Spawning occurs in late June and early July, the nests made in areas with submerged logs and other debris. The males, who also build the nests, fiercely and tirelessly defend and fan the clutch. The size of the clutch varies proportionately to the size of the female; an average of 2,640 eggs per kilogram of fish are laid.


The fry frequent shallow areas with rocky and sandy substrates where they feed on insects and worms such as annelids and polychaetes. Young flatheads are also cannibalistic, a fact which has largely precluded their presence in aquaculture. Classes and subclasses Class Polychaeta      (paraphyletic?) Class Clitellata    Oligochaeta -      (Earthworms, etc. ... Orders Amphinomida Capitellida Chaetopterida Cirratulida Cossurida Ctenodrillidae Eunicida Flabelligerida Magelonida Myzostomida Nerillida Opheliida Orbiniida Orweniida Phyllodocida Pisionidae Polygordiida Protodrilida Psammodrilidae Sabellida Spionida Spintheridae Sternaspida Terebellida Tomopteris from plankton The Polychaeta or Polychaetes are a class of annelid worms, generally marine, with a pair of fleshy protrusions on each body segment... Cannibalism in Brazil in 1557 as described by Hans Staden. ... The examples and perspective in this article may not represent a worldwide view. ...


References

The world record Flathead Catfish is standing at 123 pounds. FishBase is a comprehensive database of information about fish. ... The Integrated Taxonomic Information System (ITIS) is a partnership designed to provide consistent and reliable information on the taxonomy of biological species. ... January 30 is the 30th day of the year in the Gregorian calendar. ... 2006 (MMVI) is a common year starting on Sunday of the Gregorian calendar. ...


See also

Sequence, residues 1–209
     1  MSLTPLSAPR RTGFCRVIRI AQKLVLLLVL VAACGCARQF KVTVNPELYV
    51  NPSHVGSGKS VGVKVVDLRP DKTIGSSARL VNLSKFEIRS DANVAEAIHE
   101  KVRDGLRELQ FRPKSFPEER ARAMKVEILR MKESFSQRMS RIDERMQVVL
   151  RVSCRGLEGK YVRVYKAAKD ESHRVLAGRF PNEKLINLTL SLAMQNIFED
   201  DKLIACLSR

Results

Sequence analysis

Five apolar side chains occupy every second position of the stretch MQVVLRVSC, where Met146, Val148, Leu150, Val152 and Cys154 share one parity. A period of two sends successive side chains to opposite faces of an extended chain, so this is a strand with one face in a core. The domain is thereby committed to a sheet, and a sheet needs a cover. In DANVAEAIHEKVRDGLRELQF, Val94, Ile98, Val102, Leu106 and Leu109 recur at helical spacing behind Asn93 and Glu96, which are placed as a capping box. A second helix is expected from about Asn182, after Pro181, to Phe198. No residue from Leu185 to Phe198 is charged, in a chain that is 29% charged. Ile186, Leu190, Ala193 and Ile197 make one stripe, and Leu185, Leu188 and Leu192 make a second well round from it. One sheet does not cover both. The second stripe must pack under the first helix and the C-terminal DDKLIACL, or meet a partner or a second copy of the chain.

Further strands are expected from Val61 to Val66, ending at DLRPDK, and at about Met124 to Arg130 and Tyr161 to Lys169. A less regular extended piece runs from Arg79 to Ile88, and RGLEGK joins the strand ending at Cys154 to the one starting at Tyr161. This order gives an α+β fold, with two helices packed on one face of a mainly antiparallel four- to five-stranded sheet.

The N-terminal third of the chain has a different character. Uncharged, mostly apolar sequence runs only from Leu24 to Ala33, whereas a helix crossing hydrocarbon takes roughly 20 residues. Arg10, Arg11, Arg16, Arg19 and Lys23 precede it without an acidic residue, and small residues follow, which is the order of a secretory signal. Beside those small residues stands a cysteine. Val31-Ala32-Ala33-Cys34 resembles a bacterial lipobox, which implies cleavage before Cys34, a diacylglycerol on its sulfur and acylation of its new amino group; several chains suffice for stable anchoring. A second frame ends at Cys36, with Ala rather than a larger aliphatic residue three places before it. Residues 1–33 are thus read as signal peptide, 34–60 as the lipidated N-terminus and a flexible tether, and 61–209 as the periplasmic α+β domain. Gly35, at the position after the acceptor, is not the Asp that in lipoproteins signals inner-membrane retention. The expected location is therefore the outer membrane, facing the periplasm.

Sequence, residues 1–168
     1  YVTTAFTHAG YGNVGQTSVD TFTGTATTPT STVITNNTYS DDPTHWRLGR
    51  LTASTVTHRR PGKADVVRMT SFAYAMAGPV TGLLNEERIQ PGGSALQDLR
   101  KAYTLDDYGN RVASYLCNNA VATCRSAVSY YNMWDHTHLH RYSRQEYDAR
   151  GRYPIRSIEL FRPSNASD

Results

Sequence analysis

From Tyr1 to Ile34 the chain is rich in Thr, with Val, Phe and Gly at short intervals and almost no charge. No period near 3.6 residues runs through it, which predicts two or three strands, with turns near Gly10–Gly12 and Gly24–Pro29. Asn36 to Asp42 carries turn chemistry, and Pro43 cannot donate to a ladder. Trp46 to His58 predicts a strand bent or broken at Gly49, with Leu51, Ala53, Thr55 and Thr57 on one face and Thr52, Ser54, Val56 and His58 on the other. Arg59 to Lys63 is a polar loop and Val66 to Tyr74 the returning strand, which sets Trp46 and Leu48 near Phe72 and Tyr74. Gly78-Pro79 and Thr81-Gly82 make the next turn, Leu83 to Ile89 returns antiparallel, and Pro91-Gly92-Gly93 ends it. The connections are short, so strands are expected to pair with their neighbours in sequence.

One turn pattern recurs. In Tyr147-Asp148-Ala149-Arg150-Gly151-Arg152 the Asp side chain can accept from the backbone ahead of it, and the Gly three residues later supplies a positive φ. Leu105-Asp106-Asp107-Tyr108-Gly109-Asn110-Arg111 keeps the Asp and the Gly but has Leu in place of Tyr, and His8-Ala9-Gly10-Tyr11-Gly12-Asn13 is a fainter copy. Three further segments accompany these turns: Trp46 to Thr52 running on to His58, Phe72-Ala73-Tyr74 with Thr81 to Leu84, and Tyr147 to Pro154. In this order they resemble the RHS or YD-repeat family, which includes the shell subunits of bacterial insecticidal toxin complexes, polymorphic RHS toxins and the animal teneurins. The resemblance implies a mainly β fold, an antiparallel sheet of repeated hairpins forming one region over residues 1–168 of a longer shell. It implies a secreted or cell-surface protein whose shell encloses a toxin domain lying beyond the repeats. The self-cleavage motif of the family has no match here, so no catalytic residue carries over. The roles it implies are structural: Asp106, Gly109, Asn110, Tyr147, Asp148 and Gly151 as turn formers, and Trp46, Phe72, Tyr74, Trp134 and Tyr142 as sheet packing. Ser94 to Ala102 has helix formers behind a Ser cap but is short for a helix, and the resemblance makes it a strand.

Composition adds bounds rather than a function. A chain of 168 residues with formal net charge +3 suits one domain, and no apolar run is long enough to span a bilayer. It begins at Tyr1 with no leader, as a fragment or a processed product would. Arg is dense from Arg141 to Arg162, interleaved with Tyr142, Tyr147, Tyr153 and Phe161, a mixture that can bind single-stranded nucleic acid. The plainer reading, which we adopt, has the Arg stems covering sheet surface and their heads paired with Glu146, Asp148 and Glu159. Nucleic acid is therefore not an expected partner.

This is a list of fish common names. ...

External links

  • The Brotherhood of Catfishermen: The Largest Catfishing Portal On The Web!
  • FishBase: Plyodictis olivaris

  Results from FactBites:
 
flathead catfish - definition of flathead catfish in Encyclopedia (333 words)
The Flathead catfish (Pylodictis olivaris), also called the yellow cat, opelousas, mud cat and shovelhead cat, are large North American freshwater catfish.
Flathead catfish are most closely related to the Satan genus of fish.
Inhabiting deep pools, lakes and large slow-moving rivers, Flathead catfish are popular among anglers; their flesh is widely regarded as the tastiest of the catfishes.
Flathead Catfish (189 words)
The flathead catfish grows rapidly and matures sexually at 15" or five years old, and is known to grow over 100 pounds with the current world record at 123.9lbs.
Identification: Flathead catfish have the scaleless, strong body and the well-developed pectoral and dorsal fin spines typical of catfish.
The upper portion of the flathead catfish’s body is yellowish brown to dark, even purplish brown, with fl or brown mottling on lighter brown sides.
  More results at FactBites »